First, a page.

Kazakhstan Airplane Crash Kills All 21 in Bombardier Jet

A Bombardier Inc. (BBD/B) CRJ-200 regional jet carrying 16 passengers and five crew members crashed near the Kazakh commercial hub of Almaty, killing everybody on board.

The AO Airline SCAT plane was en route from Kokshetau in the north of the country when it crashed 5 kilometers (3 miles) from Almaty’s airport at about 1 p.m. local time as it approached the city for landing in foggy conditions, the Astana- based Prosecutor General’s Office said in a statement e-mailed today. A criminal probe was opened into the incident, according to the statement.

There were no survivors from the flight, the airline said in a statement. No one was immediately available to comment further at Shymkent-based SCAT.

Search and rescue teams were on site, which was sealed off with a triple cordon of security, Interfax reported. A group of businessmen was aboard the jet, which broke into pieces after crashing, according to the news service.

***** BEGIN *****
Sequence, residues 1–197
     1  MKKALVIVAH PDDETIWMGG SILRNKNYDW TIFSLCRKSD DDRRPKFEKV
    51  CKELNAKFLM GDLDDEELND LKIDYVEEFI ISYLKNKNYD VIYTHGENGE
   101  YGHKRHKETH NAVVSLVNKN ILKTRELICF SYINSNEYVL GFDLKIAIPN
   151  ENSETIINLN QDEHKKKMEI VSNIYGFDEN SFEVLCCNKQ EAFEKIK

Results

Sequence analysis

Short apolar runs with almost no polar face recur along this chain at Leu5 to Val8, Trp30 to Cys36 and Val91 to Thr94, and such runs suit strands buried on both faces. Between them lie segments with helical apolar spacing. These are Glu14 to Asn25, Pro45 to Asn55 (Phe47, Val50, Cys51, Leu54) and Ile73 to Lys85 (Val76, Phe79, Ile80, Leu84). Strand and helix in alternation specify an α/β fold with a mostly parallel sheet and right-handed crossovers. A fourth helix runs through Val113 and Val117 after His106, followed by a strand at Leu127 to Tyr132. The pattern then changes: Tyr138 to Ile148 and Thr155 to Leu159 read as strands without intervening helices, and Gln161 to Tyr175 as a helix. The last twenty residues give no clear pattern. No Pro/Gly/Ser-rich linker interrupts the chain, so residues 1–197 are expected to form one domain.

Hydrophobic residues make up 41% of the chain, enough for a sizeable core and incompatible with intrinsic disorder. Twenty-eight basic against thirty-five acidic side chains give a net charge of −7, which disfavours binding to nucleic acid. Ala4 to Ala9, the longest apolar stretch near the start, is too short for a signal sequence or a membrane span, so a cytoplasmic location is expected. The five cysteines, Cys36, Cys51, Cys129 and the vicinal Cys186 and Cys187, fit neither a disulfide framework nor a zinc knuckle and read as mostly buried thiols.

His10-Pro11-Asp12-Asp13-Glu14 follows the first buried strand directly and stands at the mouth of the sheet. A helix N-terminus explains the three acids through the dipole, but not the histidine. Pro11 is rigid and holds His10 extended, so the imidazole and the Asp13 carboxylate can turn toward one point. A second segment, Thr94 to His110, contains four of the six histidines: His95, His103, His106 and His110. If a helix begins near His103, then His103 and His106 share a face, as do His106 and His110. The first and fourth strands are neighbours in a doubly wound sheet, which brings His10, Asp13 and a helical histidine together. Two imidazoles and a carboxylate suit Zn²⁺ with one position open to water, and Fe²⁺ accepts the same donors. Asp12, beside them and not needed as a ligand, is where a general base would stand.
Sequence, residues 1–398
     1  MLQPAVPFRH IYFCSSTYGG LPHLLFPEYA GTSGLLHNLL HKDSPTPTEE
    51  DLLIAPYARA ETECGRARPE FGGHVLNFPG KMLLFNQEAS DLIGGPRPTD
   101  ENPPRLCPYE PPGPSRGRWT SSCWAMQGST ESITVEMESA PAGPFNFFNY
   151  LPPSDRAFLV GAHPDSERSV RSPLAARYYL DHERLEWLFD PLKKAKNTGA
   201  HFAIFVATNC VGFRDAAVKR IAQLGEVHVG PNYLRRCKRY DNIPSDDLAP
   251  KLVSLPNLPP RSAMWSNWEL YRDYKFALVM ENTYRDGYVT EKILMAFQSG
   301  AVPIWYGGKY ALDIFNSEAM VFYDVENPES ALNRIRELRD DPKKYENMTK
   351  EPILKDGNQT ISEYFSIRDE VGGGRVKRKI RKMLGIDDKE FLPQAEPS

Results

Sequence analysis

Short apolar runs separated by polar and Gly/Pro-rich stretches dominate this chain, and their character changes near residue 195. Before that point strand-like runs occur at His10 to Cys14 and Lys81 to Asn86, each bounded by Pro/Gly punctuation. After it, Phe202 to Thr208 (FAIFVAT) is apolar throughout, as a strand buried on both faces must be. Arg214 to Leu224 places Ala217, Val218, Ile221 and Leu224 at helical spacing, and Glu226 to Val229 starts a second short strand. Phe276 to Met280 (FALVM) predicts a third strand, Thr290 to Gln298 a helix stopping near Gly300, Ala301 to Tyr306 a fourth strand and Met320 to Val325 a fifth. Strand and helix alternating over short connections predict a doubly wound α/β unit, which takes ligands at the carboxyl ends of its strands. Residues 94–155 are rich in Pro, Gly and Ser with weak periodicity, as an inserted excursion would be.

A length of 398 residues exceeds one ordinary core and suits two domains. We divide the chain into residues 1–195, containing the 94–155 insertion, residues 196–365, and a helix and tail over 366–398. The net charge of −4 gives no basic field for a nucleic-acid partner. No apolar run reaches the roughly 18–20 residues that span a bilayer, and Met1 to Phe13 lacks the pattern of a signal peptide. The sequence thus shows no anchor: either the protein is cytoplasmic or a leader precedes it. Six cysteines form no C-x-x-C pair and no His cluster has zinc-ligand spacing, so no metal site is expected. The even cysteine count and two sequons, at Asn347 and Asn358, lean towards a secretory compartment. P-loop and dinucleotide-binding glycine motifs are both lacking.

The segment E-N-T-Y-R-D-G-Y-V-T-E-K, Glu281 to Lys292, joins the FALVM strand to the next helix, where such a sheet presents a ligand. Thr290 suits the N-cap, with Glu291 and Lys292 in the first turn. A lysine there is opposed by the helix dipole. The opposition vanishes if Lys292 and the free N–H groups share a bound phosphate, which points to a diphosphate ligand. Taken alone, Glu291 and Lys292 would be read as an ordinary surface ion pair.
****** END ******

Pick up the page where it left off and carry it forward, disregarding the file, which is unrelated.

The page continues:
The dead included Galymzhan Dyusenov, co-owner of the Aidabulskiy distillery, his wife and two-year-old son, Interfax said, citing an Akmola regional office of the Interior Ministry.

The airplane’s black box was recovered at the crash site, the Kazakh president’s press office said on its website. The airplane, manufactured in Canada in 2000, underwent its last technical maintenance in June 2011, according to the statement.

Bombardier is in contact with local authorities and will support and assist with the investigation, said Marc Duchesne, a spokesman for the Montreal-based company.

“We are deeply saddened by this tragic event and extend our condolences to the families,” he said.

SCAT, founded in 1997, operates domestic and international flights, according to its website. The company’s fleet also includes Boeing Co. (BA) 757-200 and 737-500 jets and Russian-made Yak-42 and An-24 aircraft.

To contact the reporter on this story: Nariman Gizitdinov in Almaty at ngizitdinov@bloomberg.net

To contact the editor responsible for this story: Stephen Voss at sev@bloomberg.net

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